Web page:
2014: A Year In New Music
Reflections from the annual summary of my year in music discovery
This year marks the 5th time, in as many years, that I have documented and visualized some aspect of my minor obsession with music**. This year is also the most complete and ambitious effort to date. I had two main goals. One, I sought to put context to listening and discovery of music. And two, I tallied the conversations I had about new releases. The former required the broad collection of large quantities of my activity, on a daily basis. The latter hinged on spontaneous and detailed documentation of transitory moments.
**For those who haven’t been following along, the rules for my year in new music are as follows. The focus is on new music, meaning music that was released during that calendar year. As the year goes, I collect the data, and then before digging into the data, I make a top ten list of my favorite albums of the year. This acts as a set of qualitative data to overlay on the larger set of qualitative data. I then prepare a report, visualizing the stories I find in my data from the year.
Over the course of the year, I relied on 4 methods to cobble together the right data to answer those questions. I primarily used Reporter to randomly sample my day and capture the context. I relied on Twitter as a type of electronic diary to document the conversations I had. I also used Spotify playlists and good old fashioned, hand written notes to fill in the gaps. By year’s end, I had accumulated over 2300 reports, 350 tweets, and 285 songs. This added up to just under 35,000 data points. Needless to say, there were many more stories I uncovered as I sorted, filters, queried, and visualized the data. Here are a few of the stories that stood out to me. The entire report can be found on my website and limited amounts of the printed report can be ordered here.
There are some pretty clear patterns when it comes to music related activity, especially while I am at work. Just before lunch and just after lunch are the hot spots of the day. The part of this chart that I identified with the most, as a reflection of myself, is the swath between 5:30 PM and around 9:00 PM. There is a spike in music activity up until about 6 o’clock, followed by a few hours where it really dies down before picking up a little bit around 9 o’clock. There is a shift in my priorities during this time, a push to end the work day followed by arriving at home and focusing on my family to get through the nighttime routines with my kids.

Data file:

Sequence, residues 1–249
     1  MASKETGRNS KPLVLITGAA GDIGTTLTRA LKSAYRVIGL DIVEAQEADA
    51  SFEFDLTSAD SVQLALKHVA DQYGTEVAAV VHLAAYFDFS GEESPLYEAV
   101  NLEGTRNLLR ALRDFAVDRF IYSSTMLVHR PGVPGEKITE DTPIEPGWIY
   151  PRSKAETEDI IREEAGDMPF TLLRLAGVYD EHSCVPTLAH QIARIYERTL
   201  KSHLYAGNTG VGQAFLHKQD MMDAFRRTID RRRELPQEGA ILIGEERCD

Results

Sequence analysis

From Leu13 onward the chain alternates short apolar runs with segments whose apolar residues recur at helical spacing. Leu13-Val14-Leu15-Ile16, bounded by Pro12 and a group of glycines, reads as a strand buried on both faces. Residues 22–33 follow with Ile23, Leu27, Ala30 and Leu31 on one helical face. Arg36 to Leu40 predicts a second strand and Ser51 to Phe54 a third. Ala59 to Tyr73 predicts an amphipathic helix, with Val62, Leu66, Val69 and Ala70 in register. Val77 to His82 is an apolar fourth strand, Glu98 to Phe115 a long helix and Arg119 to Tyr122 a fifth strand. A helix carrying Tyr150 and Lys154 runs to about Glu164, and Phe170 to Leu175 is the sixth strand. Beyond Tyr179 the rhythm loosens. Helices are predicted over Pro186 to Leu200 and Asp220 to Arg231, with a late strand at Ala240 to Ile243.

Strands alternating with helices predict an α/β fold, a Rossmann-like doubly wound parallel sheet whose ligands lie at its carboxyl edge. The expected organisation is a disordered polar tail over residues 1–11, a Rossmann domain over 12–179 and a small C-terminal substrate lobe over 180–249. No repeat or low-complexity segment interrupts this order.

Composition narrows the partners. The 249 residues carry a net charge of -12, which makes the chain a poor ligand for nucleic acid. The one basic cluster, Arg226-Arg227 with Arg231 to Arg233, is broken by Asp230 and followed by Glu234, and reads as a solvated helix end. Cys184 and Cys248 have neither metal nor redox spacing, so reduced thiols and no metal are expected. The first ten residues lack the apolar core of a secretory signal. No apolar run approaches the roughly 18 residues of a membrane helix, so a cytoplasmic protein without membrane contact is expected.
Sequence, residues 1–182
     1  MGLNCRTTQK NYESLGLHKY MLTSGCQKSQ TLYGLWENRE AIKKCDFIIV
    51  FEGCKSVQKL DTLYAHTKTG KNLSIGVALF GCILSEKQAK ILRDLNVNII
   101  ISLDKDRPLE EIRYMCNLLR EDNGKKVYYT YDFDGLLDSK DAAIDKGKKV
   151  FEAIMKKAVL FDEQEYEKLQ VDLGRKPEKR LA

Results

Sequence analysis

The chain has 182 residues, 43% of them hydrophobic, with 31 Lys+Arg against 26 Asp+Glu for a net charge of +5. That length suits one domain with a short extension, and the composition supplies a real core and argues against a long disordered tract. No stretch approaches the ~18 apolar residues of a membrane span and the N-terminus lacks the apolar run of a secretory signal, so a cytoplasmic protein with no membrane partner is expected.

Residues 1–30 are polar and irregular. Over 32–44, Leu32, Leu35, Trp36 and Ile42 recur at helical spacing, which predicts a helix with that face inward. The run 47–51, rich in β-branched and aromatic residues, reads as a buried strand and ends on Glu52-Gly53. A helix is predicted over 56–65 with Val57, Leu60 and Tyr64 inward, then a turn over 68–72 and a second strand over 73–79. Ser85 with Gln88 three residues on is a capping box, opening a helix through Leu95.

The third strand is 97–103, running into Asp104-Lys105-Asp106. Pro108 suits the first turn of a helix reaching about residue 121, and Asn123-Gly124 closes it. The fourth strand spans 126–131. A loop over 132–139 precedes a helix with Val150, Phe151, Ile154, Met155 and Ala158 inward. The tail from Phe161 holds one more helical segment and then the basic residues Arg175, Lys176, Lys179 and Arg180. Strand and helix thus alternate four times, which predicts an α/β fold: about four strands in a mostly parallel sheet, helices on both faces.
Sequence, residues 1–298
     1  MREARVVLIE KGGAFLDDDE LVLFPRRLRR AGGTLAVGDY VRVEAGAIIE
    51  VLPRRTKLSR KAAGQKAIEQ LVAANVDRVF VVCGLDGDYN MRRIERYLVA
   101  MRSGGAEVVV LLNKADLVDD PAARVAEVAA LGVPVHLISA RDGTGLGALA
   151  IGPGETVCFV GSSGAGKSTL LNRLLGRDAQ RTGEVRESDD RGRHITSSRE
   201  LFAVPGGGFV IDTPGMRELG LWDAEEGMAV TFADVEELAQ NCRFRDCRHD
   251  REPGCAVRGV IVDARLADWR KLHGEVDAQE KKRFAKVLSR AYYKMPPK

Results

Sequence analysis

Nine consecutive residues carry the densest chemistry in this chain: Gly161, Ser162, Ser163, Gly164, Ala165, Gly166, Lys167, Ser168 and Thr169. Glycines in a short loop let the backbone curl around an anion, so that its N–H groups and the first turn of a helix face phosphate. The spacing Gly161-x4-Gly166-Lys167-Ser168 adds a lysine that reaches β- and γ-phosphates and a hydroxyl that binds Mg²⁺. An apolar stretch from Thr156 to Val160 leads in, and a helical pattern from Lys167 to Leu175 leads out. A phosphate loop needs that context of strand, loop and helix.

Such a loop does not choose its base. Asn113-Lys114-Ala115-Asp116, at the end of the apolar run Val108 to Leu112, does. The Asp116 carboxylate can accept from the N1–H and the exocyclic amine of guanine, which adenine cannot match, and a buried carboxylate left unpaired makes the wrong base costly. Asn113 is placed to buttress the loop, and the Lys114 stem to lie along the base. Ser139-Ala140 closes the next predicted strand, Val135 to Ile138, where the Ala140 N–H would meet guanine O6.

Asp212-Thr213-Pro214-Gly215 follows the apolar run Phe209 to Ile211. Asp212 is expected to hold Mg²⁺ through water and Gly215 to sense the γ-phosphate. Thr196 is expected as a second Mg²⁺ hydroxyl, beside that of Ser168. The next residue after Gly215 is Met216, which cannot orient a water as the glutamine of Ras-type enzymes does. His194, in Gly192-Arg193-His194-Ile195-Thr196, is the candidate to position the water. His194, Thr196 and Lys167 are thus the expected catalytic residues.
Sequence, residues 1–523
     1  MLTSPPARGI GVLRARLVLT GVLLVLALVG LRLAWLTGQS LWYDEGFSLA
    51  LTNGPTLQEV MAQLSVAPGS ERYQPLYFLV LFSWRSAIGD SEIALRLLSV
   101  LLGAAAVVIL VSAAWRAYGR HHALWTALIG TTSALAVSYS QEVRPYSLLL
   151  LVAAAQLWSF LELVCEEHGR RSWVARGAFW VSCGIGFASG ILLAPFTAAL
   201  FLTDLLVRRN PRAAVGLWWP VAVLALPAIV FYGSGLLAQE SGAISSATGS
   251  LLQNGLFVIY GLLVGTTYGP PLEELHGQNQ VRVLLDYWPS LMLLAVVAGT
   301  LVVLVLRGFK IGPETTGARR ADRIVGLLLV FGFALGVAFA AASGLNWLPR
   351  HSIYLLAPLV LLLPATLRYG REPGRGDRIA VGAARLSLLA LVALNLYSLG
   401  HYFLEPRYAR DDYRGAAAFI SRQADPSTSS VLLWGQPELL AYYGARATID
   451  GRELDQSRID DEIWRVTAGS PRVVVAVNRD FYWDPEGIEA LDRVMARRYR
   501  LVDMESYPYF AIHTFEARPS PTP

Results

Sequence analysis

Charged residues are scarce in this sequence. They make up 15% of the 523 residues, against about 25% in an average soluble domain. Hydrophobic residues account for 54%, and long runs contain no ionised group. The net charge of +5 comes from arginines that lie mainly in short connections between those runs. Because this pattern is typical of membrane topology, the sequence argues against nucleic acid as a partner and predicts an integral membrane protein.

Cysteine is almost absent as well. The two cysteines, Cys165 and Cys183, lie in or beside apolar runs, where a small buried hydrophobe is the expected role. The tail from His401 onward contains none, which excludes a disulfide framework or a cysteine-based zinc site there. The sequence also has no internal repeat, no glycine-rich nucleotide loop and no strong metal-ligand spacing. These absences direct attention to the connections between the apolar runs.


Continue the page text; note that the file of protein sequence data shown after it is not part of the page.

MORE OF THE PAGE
A little more than half of my conversations about music happened over instant messenger. A quarter of them happened in person. But the big discovery for me was that I talk about my favorite music with those I talk to the most. In the passing conversations I had, where I talked just once with someone, I never mentioned an album that became a top ten for the year.
Songs of 2014
Using Spotify playlists, I was able to catalogue all the songs I liked during the year. What I found by visualizing this data was a shift that takes place as the year goes along. The first quarter of the year is weighted towards older music, but as new records are released, new music, and especially top ten music, starts to tilt in favor of new music.
Volume of Discovery
Maybe it’s better record keeping, maybe it’s more focus on this on-going project, but one thing is clear, I’m casting my net much wider now when it comes to discovering new music.
There are myriad ways to slice the data I collected in 2014. Surely there are more stories to tell than I’ve included in my summary. Each one of these pie charts represents a different dimension of the data. What I found most interesting, after all that has been described and visualized, can be found on the left-most chart. That is that a very tiny percentage of my music listening happens without something else taking place at the same time. Be it working, commuting, or exercising, it seems that concerts are the only significant portion of time where I’m solely focused on listening to music.
Maybe it’s time to correct that. After all, what good is this exercise in extreme self-reflection if it doesn’t catalyze even a small amount of change?